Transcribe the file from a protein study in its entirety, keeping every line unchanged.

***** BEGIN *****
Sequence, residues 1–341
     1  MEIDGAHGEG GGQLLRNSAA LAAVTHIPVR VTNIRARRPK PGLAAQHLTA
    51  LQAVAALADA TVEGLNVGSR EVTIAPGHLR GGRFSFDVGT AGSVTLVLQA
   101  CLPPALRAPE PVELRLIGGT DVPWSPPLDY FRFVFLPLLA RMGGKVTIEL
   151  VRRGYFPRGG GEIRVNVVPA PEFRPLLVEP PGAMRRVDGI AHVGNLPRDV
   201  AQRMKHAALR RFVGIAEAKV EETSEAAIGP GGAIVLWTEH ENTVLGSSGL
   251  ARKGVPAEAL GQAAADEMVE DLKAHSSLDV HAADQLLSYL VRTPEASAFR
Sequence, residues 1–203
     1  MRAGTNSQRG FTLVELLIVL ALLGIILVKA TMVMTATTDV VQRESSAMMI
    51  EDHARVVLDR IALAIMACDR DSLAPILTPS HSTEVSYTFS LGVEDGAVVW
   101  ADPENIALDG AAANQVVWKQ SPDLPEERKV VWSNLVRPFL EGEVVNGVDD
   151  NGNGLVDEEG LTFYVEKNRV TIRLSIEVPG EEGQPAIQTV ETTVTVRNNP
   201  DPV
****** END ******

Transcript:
Sequence, residues 1–341
     1  MEIDGAHGEG GGQLLRNSAA LAAVTHIPVR VTNIRARRPK PGLAAQHLTA
    51  LQAVAALADA TVEGLNVGSR EVTIAPGHLR GGRFSFDVGT AGSVTLVLQA
   101  CLPPALRAPE PVELRLIGGT DVPWSPPLDY FRFVFLPLLA RMGGKVTIEL
   151  VRRGYFPRGG GEIRVNVVPA PEFRPLLVEP PGAMRRVDGI AHVGNLPRDV
   201  AQRMKHAALR RFVGIAEAKV EETSEAAIGP GGAIVLWTEH ENTVLGSSGL
   251  ARKGVPAEAL GQAAADEMVE DLKAHSSLDV HAADQLLSYL VRTPEASAFR
Sequence, residues 1–203
     1  MRAGTNSQRG FTLVELLIVL ALLGIILVKA TMVMTATTDV VQRESSAMMI
    51  EDHARVVLDR IALAIMACDR DSLAPILTPS HSTEVSYTFS LGVEDGAVVW
   101  ADPENIALDG AAANQVVWKQ SPDLPEERKV VWSNLVRPFL EGEVVNGVDD
   151  NGNGLVDEEG LTFYVEKNRV TIRLSIEVPG EEGQPAIQTV ETTVTVRNNP
   201  DPV